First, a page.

According to Craig Daugherty, director of financial aid, the $2,000 limit reflects the wages a student would accumulate if he or she were to work six hours a week for the duration of the academic year, six being the average number of hours employed Kenyon students work per week. FWS, however, does not extend into the months between the fall and spring semesters. Therefore, during the summer after his freshman year, when Jacober earned $4,000 working as a Helpline Consultant, his EFC rose significantly, because his earnings were not exempt under the guidelines of FWS and were thus counted as taxable wages.
While his situation was stressful, Jacober understands there was little the College’s financial aid office could do to improve it. “[Office of Financial Aid employees] literally do as much as they can for you, within their limits,” Jacober said.
Daugherty recognizes the financial aid system disadvantages some. “The system is kind of a one-size-fits-all, and it works well for most people, but not everyone,” Daugherty said.
Nina Whittaker ’16 has been working for Greenslade Special Collection and Archives since she was a first-year student; she now works as a student manager, averaging 12 hours per week at Tier 3 wages of $10.41 an hour. Like Martin, Whittaker believes the College should more publicly recognize the contributions of students who spend hours each week performing the smaller tasks that help Kenyon function.
“It would be nice to see work at Kenyon being embraced as leadership,” Whittaker said. Whittaker believes the College could show respect for student workers by highlighting them in the Student Leadership Awards Ceremony, held each spring to honor students who excel in extracurricular activities. She believes the work students do as College employees is just as important to Kenyon life as the work students do in extracurriculars. “If a student works 1,000 hours for the college, that’s great, that’s a big milestone, but you know, that doesn’t get talked about at all,” Whittaker said.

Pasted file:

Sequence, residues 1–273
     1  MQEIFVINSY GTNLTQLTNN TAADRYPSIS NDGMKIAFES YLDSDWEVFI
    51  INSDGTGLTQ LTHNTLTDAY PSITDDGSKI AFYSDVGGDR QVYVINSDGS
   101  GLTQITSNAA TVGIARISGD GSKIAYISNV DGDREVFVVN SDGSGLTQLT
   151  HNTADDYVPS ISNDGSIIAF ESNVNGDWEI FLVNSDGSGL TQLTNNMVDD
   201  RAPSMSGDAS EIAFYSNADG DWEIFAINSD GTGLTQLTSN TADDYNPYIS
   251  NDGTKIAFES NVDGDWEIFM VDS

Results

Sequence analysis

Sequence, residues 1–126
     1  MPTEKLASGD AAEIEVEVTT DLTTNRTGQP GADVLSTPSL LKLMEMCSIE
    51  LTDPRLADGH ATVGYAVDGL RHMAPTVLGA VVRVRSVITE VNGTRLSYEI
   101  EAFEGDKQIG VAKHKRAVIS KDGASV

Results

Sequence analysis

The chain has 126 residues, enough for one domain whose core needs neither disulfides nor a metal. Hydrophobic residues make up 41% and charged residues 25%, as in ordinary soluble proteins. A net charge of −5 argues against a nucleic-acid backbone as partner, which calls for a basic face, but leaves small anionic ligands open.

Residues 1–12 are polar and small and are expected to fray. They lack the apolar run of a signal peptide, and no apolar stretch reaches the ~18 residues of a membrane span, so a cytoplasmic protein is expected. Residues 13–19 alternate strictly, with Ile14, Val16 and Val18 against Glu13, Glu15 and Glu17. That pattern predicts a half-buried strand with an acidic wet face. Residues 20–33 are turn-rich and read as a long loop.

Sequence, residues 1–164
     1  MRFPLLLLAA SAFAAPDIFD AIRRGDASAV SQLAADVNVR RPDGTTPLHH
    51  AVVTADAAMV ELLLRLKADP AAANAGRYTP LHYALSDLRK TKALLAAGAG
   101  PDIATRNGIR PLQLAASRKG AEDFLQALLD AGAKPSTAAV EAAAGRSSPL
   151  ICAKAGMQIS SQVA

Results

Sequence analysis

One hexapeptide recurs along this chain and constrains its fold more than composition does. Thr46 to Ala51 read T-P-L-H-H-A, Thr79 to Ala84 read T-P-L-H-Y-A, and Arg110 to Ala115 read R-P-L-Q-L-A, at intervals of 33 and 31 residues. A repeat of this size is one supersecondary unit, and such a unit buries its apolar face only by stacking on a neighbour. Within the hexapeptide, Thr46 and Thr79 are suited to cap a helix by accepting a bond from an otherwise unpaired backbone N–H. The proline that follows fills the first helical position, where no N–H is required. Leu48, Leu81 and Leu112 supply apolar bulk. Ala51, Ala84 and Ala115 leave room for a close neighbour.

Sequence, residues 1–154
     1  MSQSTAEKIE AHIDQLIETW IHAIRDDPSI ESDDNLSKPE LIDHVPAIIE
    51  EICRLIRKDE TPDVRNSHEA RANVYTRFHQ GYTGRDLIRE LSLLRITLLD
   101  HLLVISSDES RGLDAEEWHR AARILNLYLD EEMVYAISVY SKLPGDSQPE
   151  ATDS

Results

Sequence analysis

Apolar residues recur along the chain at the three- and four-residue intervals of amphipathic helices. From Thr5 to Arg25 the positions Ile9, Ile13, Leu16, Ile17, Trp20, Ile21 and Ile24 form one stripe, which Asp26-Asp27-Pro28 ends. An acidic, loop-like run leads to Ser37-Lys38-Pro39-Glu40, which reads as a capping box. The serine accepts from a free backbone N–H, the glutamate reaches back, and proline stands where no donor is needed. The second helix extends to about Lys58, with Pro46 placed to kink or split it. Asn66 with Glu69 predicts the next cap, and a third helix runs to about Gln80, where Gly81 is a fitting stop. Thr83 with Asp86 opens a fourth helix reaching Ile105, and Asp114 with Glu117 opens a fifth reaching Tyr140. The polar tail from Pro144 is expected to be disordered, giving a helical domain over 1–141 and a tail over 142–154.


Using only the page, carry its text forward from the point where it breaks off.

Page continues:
Decatur said there is no reason student employee leaders are not recognized in the same capacity as extracurricular leaders.“I think it’s because no one’s really thought about it, and now that I think about it, it’s actually something we really should do,” Decatur said. “I think Kenyon has a lot of work to do on this issue.”
“You have to pick your life … are you going to be a student and a worker, or are you going to be a student and a leader, an extracurricular person, and not so much of a worker?”
Benjamin Adekunle-Raji ’17 also found himself having to choose between extracurriculars and work. In the end, a paycheck took precedence over Gospel Choir. “You have to pick your life,” he said. “Are you going to be a student and a worker, or are you going to be a student and a leader, an extracurricular person, and not so much of a worker?” Every student faces this dilemma, Adekunle-Raji said, but some students don’t have the luxury to choose the life that most appeals to them.
For Adekunle-Raji, however, the issue of financial aid extends beyond the Hill, to Denmark, where he will be studying abroad next semester. Adekunle-Raji’s financial aid package will transfer to next semester such that his bill will remain at $2,200 despite his being abroad. He realizes, however, that financial aid will not cover passport renewal fees, airline tickets or his residence permit.
To earn money, Adekunle-Raji works seven to 12 hours per week as an intern for the Office of Diversity, Equity and Inclusion (ODEI) and as an Admissions Office hosting coordinator. He is currently searching for a third job.
Adekunle-Raji believes the College needs to facilitate a better balance between student employment and academics so lower-income students like himself may choose which roles roles they wish to inhabit. He also understands there is no easy solution, though. “I think the administration recognizes our struggle more than the students recognize it,” he said.
Decatur believes students’ lack of knowledge on the subject likely stems from the lack of economic diversity at Kenyon. “You need a critical mass of diversity on campus to have a conversation about diversity,” he said.
Martin has seen the effects of this lack of diversity and says fellow students sometimes suggest he work less. “That’s when I have to say, ‘Well, I actually need to go to work,’” he said. Despite work obligations often preventing him from finishing his homework until 3 a.m., Martin remains positive. “I’m put in a shitty position, and I’ve learned from it how to make myself better because of it, not in spite of it,” Martin said. “Because the day I start thinking that my shit luck is nothing more than shit luck, then life gets a whole lot harder.”